I like to think about my clients when I’m not with them and I find myself pondering such things as what they have in common and what distinguishes them. What motivates, inspires and excites them enough about their own entrepreneurial dreams? Here are some typical scenarios which might prompt a client to get in touch and ask for my help.
1. Getting out of the day job. “Day jobs” come in all shapes and sizes these days. Clients might have enjoyed a career for quite a long time and it’s served them well historically, taken them to interesting places, offered them growth opportunities, they’ve learned a lot and earned well but now it’s time for a change. Either the future doesn’t look quite as exciting as it did or the job is eating away at their soul.
These clients often have an alternative in mind, something which will replace their income; but they are a bit scared as it’s all pastures new. They want an expert to give an opinion about their plan. Is it realistic? Is it feasible? Will it work? Do I think it’s a good idea? How long do I think it will take them to replace their current income and will I support them on their journey? Who can I introduce them to who can give them the variety of different types of expertise and support they’ll need, even before they know that themselves?
2. The other big motivator is realising they cannot or do not want to work as hard as they have done in the past. These clients might already have a good source of earned income but they want to make the switch to unearned income, passive income and financial freedom. A significant birthday or bereavement might prompt this sort of thinking. “How can I support my family and my own financial and life goals by creating financial flow in new ways?” is the question on their lips.
3. The third client is considering a major life change after redundancy or divorce or children having flown the nest leaving them with a vacuum they want to fill. These clients have an opportunity to reinvent themselves but it’s been a while since they had the luxury of focusing solely on their own desires, on what they want for themselves. This can require big thinking and some brave decisions which I can often see coming before they do. If they are robust I provoke this; sometimes it’s more elegant to allow it to emerge.
4. My next client has lots of plans and no focus. She wants to do X and Y and Z all at once while having a day job and an already busy life full of personal commitments to family and hobbies. My job then is to encourage serial focus. Let’s pick on one thing you would love to do first and channel all your free time and energy into that and achieve a result for you which can set you on your way. Often this client will have to choose between variety being the spice of life, and enough of a reward in itself, or going for success on one initial project first for a particular desired result – profit perhaps, or proof they can do it.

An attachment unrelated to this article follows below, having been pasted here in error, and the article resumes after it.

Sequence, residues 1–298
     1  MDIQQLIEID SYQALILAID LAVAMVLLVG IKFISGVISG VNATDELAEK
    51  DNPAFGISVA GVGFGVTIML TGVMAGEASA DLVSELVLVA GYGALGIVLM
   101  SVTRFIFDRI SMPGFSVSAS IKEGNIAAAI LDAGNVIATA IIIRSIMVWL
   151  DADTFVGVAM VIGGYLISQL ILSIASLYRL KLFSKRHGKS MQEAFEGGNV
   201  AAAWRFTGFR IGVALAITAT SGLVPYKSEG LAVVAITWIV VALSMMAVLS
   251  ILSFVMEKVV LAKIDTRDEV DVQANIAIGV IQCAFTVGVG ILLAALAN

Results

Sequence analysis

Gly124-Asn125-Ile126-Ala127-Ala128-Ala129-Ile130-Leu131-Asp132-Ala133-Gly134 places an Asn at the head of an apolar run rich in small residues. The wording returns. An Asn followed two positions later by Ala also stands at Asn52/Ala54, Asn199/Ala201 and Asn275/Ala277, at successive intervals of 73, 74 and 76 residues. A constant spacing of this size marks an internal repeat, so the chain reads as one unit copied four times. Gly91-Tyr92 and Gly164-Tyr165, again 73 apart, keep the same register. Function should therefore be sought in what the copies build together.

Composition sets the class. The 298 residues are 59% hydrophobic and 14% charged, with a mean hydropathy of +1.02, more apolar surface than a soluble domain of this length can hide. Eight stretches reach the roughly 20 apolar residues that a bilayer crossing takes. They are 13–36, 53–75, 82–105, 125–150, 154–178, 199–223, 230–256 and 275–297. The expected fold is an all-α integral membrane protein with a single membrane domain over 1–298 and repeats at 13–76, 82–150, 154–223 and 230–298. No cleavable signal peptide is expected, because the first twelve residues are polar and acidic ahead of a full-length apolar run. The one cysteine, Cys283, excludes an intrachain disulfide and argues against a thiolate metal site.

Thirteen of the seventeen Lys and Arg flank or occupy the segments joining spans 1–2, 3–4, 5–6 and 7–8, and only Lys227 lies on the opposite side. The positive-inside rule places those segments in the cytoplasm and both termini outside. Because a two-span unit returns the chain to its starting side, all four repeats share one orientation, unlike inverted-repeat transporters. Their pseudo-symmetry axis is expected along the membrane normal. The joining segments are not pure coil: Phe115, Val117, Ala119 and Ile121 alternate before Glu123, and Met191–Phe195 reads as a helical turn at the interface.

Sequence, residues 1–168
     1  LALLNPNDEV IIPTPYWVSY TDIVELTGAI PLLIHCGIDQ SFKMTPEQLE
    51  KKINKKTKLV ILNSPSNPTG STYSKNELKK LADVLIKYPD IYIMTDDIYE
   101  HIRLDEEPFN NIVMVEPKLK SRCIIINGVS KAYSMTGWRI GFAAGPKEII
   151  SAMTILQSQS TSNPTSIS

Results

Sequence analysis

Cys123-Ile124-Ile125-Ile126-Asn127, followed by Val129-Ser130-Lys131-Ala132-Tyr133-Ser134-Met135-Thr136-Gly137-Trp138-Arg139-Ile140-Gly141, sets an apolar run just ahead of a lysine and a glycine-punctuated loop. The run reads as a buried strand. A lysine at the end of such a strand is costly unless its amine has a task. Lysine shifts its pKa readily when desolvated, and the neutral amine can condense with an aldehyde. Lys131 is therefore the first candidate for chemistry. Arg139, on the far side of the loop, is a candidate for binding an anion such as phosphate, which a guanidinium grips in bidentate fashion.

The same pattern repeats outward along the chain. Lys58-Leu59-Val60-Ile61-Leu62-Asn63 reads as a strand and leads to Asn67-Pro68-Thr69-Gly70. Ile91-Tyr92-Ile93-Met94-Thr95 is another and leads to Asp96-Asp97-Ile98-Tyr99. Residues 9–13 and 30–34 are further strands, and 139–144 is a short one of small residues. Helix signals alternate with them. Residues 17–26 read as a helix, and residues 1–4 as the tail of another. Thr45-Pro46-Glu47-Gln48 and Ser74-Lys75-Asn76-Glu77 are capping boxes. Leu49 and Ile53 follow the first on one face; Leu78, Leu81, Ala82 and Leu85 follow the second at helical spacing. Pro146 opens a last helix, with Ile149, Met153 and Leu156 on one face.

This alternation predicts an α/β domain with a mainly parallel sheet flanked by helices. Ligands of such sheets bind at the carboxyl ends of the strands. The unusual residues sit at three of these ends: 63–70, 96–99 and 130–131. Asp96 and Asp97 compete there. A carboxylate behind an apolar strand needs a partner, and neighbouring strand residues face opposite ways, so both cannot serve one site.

5. My fifth client is engaged by creative projects and/or re-shaping their businesses to be even more perfect. These people are building on their current entrepreneurial success and they are a bit bored now, so how can life continue to be exciting and stimulating and how can their existing business morph to support the new version of the life they want to lead in 2014 and beyond?
We know we entrepreneurs are often regarded just as dreamers and, without accountability, we have the propensity to remain just that. In my book, dreaming is good so long as it doesn’t stop there, so long as you have a plan for implementation and you are prepared to get out of your comfort zone and do a couple of new things each week.
Two things a week builds to eight or ten over a month and a hundred new things over a year. If you will commit simply to that you are not a dreamer, you are a doer. And this time next year you will be in a completely different place, one of your own choosing and design, living your dream and perhaps even your ideal life.
What’s your entrepreneurial dream?